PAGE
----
• Liposuction and cryotherapy do not prevent CVD, whereas lifestyle modification does!
    • 5-10 percent weight loss leads to lower hemoglobin A1c, blood pressure, total cholesterol, HDL cholesterol, and triglycerides

    Sleep Issues in Menopausal Women

    Women commonly experience sleep disturbances during midlife. Factors that may influence sleep in midlife women:

    • Psychosocial issues/mood issues
    • Vasomotor symptoms (hot flashes, night sweats)
    • Stress
    • Sleep-breathing disorders
    • Aging/comorbid conditions
    • Hormones: high follicle-stimulating hormone (FSH), low estradiol

    Wake Time After Sleep Onset (WASO)

    WASO is the cumulative number of minutes you are awake throughout the night after being awoken from sleep. The more nighttime awakenings you have whether due to night sweats or other causes, the more WASO you accumulate.

    Why is WASO important?

    • WASO affects mood, well-being and metabolism!
    • The impact of sleep fragmentation in midlife women: Total sleep hours is associated with adverse health outcomes such as depression, poor well-being and weight gain

    What can you do at home?

    • Relaxation/stress management strategies prior to bed can lead to less sleep fragmentation, less sleep awakening throughout the night and lower overall stress levels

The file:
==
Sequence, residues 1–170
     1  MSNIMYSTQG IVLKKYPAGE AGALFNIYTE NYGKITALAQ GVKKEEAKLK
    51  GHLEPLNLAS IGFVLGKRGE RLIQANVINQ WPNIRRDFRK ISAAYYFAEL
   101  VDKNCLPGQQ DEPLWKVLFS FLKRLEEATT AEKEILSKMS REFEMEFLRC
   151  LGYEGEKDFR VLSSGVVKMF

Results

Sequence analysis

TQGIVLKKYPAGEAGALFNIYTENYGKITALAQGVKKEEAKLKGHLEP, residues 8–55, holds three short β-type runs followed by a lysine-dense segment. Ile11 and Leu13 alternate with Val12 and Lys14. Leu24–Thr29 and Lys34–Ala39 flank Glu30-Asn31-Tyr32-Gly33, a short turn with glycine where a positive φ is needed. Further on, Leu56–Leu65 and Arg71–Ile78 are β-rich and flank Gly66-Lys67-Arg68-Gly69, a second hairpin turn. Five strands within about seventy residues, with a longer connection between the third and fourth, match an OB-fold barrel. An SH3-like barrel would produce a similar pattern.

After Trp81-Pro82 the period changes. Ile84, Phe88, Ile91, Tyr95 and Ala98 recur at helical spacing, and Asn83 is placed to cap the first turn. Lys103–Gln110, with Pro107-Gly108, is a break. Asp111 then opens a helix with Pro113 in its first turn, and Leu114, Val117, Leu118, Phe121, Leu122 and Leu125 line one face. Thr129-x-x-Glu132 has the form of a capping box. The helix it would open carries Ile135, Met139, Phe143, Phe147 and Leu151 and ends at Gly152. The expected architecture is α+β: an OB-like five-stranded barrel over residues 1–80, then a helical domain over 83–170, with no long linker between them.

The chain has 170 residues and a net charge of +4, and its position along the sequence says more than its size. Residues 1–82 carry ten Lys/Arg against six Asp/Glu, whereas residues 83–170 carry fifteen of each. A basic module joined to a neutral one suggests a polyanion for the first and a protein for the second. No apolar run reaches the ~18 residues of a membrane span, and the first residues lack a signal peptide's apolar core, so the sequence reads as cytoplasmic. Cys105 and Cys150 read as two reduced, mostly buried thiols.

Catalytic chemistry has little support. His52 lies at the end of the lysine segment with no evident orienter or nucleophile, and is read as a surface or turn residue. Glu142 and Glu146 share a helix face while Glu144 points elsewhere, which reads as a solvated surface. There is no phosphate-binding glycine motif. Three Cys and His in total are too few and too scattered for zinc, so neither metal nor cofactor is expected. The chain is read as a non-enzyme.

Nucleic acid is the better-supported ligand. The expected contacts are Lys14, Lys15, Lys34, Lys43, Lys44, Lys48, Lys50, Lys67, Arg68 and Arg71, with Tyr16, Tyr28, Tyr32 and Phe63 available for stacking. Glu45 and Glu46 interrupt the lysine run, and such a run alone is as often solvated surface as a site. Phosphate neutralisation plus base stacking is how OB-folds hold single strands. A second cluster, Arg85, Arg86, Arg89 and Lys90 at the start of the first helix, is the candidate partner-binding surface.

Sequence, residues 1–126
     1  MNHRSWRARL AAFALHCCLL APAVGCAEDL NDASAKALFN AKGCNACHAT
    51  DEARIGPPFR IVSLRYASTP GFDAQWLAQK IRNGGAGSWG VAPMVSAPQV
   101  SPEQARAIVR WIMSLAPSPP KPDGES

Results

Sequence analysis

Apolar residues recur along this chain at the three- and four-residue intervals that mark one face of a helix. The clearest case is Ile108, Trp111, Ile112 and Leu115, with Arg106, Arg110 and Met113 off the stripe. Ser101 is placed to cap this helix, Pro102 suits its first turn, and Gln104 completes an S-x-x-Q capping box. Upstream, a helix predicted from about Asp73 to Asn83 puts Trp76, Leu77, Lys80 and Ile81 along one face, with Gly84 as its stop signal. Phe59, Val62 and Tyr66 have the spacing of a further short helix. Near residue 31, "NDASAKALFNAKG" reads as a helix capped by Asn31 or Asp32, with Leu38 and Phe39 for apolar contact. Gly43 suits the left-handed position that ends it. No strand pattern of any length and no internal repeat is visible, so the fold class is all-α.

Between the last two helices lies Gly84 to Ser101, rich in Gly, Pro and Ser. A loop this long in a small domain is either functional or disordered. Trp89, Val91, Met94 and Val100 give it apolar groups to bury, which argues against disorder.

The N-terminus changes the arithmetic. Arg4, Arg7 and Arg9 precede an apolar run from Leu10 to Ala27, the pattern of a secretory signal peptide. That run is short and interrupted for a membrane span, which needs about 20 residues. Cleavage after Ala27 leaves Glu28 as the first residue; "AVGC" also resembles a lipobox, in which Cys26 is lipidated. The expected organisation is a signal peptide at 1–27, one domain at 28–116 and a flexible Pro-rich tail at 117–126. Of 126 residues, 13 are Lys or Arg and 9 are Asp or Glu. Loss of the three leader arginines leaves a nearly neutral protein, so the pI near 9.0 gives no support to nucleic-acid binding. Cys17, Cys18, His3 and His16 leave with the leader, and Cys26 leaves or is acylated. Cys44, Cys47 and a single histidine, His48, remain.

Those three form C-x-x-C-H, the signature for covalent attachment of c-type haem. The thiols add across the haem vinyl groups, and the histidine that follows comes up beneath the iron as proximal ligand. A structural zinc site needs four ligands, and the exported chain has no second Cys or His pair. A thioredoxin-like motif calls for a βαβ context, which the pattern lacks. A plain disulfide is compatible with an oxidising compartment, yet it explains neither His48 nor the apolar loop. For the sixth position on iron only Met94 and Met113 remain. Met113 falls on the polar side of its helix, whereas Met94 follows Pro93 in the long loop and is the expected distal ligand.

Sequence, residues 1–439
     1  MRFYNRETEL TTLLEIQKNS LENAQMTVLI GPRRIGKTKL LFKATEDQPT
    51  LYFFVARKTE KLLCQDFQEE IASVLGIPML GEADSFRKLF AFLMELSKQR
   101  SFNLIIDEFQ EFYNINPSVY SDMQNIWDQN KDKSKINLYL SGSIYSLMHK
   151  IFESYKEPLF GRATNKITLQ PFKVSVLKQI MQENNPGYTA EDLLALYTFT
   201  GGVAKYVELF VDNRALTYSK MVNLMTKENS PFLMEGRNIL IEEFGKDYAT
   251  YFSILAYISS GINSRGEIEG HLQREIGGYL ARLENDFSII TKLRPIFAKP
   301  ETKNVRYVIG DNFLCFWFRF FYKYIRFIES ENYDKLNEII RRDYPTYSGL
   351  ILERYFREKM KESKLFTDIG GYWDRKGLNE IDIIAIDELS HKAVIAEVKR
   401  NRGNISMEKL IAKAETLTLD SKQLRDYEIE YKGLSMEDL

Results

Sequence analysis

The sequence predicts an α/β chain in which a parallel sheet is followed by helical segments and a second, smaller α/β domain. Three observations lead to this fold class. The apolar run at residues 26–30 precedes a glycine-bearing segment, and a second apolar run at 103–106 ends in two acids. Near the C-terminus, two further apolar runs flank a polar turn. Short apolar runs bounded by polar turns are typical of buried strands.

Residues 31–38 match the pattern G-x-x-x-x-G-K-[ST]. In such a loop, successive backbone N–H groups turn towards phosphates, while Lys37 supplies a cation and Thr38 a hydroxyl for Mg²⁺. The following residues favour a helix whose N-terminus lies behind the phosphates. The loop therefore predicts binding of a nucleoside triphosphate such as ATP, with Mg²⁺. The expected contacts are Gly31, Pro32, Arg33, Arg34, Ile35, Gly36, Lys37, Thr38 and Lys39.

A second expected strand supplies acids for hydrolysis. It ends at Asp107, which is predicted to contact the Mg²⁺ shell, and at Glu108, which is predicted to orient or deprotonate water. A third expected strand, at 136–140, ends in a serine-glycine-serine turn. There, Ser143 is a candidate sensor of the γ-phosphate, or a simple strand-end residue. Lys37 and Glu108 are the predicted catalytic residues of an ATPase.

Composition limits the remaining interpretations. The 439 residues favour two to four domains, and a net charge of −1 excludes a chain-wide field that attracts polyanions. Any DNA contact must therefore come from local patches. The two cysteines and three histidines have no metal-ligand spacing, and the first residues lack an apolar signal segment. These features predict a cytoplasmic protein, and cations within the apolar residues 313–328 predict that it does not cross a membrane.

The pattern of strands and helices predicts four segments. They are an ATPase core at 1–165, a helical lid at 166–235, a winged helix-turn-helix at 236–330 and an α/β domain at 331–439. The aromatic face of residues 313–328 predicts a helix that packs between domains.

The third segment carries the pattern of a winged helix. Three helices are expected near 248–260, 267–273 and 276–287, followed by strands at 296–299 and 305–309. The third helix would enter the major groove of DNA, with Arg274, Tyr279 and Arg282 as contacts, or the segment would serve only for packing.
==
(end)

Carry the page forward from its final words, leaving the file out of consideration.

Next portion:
• If you continue to have symptoms, see your doctor to discuss other treatment strategies.

    Updates in the Management of Hair Loss

    Are there any medical problems that may be contributing to hair loss?

    • Disorders such as anemia, hormonal disorders, malnutrition, and vitamin/mineral deficiencies may contribute to hair loss.

    To rule out these conditions your doctor may check the following:

    • CBC
    • Iron
    • Ferritin
    • Vitamin D
    • Zinc
    • TSH
    • DHEA-S
    • Testosterone free/total
    • Total protein

    If your doctor is concerned that an autoimmune disease may be the cause of your hair loss, if you have scalp scarring, or if there is no obvious cause of hair loss, a scalp biopsy may be warranted.

    What current treatments exist for hair loss in women?

    Vitamins and Mineral Supplementation
    • Iron - Hair experts believe treatment of hair loss is optimized with higher ferritin levels (goal ferritin of at least 40 ng/mL, though ideally closer to 70 ng/mL)